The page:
Years later as an adult, you see things differently.  If you’ve learned about narcissistic abuse, you definitely see things differently than you did as a child.  You realize how messed up your narcissistic parent(s) is.  You see things differently than you once did.  You no longer blindly accept your parents’ reality but instead accept the real, reality only.  You may even have a child, & see things as a parent rather than only seeing them as an abused child.  You see things through more mature eyes plus with the influence of things you have learned & things you have healed from.  That is why if you look back at something from your childhood you hadn’t thought of in a long time at this point, you realize how messed up it was!  You see your parents lack of protection or concern, & instead of taking it in stride, you get angry or hurt.


When this happens, it can be hard at first.  When I first thought about Creepy Guy after all those years, I was angry & very hurt that my parents showed so little concern about a potentially very serious situation.  (I also wished I’d had the chance to thank my friend’s father for protecting me before he died, but that’s another issue).  I was also less than thrilled- yet one more thing to deal with from childhood.  UGH.  I realized something though that helped me.  I realized how far I’ve come.  I was so dysfunctional back then, I accepted that this possible rapist or murder being interested in my friend & I was no big deal.  Now, I see how sick it is my parents ignored the situation.  I realized that my view now is normal & that showed me how much healing I’ve done.  Definitely a good thing!!  So please keep that in mind if you go through this experience, Dear Reader.  Seeing things in a healthy way like I did is proof that you are healing, & that is a huge blessing!



Filed under Abuse and the Healing Journey, Mental Health, Narcissism

39 responses to “Why Remembering Childhood Trauma Feels Different As An Adult

  1. ibikenyc

    Thank you for this post.

    I’m so sorry this happened to you.

    I’m sitting here with my head spinning right now because I will be fifty-eight on Sunday (!) and have a trunkful of situations just like this, or I suspect I do, that I never once thought of in this way.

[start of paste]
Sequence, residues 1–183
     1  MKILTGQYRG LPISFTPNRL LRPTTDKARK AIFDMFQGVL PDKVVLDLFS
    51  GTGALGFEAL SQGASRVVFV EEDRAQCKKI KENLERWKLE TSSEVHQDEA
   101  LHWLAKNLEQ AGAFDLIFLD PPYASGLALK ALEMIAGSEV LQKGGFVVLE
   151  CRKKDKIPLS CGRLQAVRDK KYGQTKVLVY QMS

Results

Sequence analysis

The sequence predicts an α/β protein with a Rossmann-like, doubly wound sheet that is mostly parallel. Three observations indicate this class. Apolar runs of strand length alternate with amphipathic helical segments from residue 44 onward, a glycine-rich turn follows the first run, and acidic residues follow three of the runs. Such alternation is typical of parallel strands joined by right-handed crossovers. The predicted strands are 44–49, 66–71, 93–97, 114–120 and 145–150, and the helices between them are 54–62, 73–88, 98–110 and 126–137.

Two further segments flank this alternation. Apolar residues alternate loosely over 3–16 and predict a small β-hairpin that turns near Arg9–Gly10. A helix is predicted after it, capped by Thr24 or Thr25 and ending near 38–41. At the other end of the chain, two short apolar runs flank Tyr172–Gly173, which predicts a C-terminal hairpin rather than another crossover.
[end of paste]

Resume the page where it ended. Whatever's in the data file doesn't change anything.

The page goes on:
When and, to me, MUCH more importantly, HOW, did I end up NOT EVEN EXPECTING help or protection or SOMEthing like that from the significant adults in my life?

    Very early on I understood that, if I asked for help in (short version) handling a dicey situation, all I would get was SCREAMED AT for having got myself into that situation in the first place:

    ” I TOLD you not to [thus-and-such]! What did you exPECT?????”

    My mother was, from an early age, the L-A-S-T person I told ANYthing.

    Liked by 2 people

  2. Thank you for posting this. I too had a creepy guy, who lived down the street. Although it only came into my memory a few years ago. A friend and I were walking down the street, when this man, stood in his side yard masturbating. Oh, it was terrifying. I remember telling my parents. I do not recall that anything happened from doing so. Funny how our minds only let out pieces of memory from living as an abused child.

    Liked by 2 people

  3. I always felt alone and vulnerable as a child because I knew that, when push came to shove, my parents wouldn’t defend or protect me. But even though I knew this to be true the emotional impact of it didn’t reach me because I was always in survival mode and that meant stuffing my emotions into a place where they wouldn’t devastate me. But with no contact and my emergence from the fog of abuse I’ve been able to process those emotions in a healthy way. And I see my parents now for who they truly were: abusive, negligent, and completely selfish. I also see myself as a child who deserved parents who cared enough to protect me. I no longer make excuses for them or minimize the damage they did to me and my siblings. And I no longer carry the stigma of someone who didn’t deserve to be loved and protected, a stigma they put on me.